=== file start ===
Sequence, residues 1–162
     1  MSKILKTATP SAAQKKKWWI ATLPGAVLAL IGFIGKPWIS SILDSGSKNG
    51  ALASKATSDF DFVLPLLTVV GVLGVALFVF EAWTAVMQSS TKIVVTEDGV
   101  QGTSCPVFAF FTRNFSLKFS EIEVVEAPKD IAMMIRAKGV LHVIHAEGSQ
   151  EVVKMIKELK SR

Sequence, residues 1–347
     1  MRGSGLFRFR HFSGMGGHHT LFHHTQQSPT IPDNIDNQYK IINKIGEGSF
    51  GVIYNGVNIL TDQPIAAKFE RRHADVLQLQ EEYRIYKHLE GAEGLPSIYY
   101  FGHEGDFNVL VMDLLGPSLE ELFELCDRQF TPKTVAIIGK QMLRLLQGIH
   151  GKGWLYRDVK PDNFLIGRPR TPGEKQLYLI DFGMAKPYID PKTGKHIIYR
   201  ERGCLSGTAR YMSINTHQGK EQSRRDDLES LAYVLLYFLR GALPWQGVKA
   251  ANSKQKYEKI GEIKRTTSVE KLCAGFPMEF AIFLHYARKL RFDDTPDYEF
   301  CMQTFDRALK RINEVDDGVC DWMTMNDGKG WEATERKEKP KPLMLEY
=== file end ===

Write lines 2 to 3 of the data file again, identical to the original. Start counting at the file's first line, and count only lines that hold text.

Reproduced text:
     1  MSKILKTATP SAAQKKKWWI ATLPGAVLAL IGFIGKPWIS SILDSGSKNG
    51  ALASKATSDF DFVLPLLTVV GVLGVALFVF EAWTAVMQSS TKIVVTEDGV